I can’t think of a better way to gain the necessary strength and energy to carry myself though a hectic morning than with a steaming bowl of freshly cooked oatmeal. Especially when waking up to frosty mornings this time of the year. Oats are a hardy cereal grain that gain part of their distinctive flavor from the roasting process that they undergo after being harvested and cleaned. Although oats are hulled, this process does not strip away their bran and germ allowing oats to retain a concentrated source of fiber and nutrients. Health benefits from the nutrients found in oats include the ability to lower cholesterol levels, reduced risk of cardiovascular disease, as well as a enhanced immune response to infection, to name a few.
Oats also contain unique antioxidants that aid in the reduction of cardiovascular disease and the prevention of heart failure, due to the added benefit of being a whole grain. Research has shown that eating whole grains, such as oats, at least six times per week is especially helpful for postmenopausal women with high cholesterol, high blood pressure or other signs of cardiovascular disease. The beta-glucan found in oats and other whole grains are beneficial in diabetes as well by helping to stabilize blood sugar levels. Oats also help lower the risk of type 2 diabetes, when ingested on a regular basis. Oats are also a good source of fiber, which also helps to reduce the risk of breast cancer.
You may notice that your local grocery store may carry different types of oats. Different types of processing are used to produce the various types of oat products, which are generally used to make breakfast cereals, baked goods and stuffings. Here’s a quick breakdown of the different types of oats you may encounter. Keep in mind that different types of oats require slightly different cooking methods for making hot cereal or porridge.
- Oat groats: unflattened kernels that are good for using as a breakfast cereal or for stuffing
- Steel-cut oats: featuring a dense and chewy texture, they are produced by running the grain through steel blades that thinly slices them.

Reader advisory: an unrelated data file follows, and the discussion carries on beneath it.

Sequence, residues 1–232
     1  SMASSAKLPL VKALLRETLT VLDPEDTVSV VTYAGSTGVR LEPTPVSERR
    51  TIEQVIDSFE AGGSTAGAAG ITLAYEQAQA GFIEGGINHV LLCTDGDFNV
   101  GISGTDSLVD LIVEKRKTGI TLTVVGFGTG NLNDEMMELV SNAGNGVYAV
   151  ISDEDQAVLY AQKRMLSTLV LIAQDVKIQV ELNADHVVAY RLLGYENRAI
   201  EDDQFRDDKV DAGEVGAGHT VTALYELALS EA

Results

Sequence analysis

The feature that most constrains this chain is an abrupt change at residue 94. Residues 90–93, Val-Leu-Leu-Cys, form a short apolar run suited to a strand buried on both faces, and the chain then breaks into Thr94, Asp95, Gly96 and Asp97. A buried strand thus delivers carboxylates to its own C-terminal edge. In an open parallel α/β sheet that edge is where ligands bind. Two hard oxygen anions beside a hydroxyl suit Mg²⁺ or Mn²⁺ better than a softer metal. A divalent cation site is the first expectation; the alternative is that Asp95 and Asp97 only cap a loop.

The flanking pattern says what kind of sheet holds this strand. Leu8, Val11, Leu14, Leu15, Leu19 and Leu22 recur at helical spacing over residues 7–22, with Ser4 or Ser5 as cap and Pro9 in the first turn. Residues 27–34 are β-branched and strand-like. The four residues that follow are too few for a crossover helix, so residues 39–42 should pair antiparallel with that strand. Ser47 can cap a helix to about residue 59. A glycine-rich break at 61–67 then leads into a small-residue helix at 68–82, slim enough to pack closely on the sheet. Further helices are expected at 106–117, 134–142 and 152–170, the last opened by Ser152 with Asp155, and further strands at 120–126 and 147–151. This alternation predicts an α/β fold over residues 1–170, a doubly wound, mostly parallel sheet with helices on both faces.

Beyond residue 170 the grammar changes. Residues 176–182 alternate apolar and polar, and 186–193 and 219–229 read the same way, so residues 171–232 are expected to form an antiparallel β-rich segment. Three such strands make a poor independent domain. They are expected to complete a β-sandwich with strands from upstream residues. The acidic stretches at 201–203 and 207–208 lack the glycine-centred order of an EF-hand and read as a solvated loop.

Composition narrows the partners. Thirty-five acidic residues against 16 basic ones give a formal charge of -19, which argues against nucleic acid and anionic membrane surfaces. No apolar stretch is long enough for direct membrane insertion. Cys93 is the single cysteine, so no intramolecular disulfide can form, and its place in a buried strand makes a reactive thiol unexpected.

- Old-fashioned oats: have a flatter shape that is the result of their being steamed and then rolled.
- Quick-cooking oats: processed like old-fashioned oats, except they are cut finely before rolling
- Instant oatmeal: produced by partially cooking the grains and then rolling them very thin. Oftentimes, sugar, salt and other ingredients are added to make the finished product.
- Oat bran: the outer layer of the grain that resides under the hull. While oat bran is found in rolled oats and steel-cut oats, it may also be purchased as a separate product that can be added to recipes or cooked to make a hot cereal.
- Oat flour: used in baking, it is oftentimes combined with wheat or other gluten-containing flours when making leavened bread.
Oats are a great nutritious way to start your day or as an additive to your favorite baked goods for an extra nutritional boost. Try adding oat flour or whole oats the next time you make bread or muffins or using oat groats for stuffing your Christmas turkey. Or you can try a classic favorite of adding your favorite nuts and fruits to a hot bowl of oatmeal before dashing out the door to finish up your holiday shopping.
The Caloric Expense of Alcohol During the Holidays
During the holiday season three things typically come to mind: family, food and (if you’re over the age of 21) drinks. For those of you wanting to drown your sorrows of the holiday season gone made with copious amounts of spiked eggnog like actor Chevy Chase in the movie Christmas Vacation or bringing good cheers by combining large amounts of high-fat treats with high-caloric alcohol, the New Year may start with a rather rude awakening.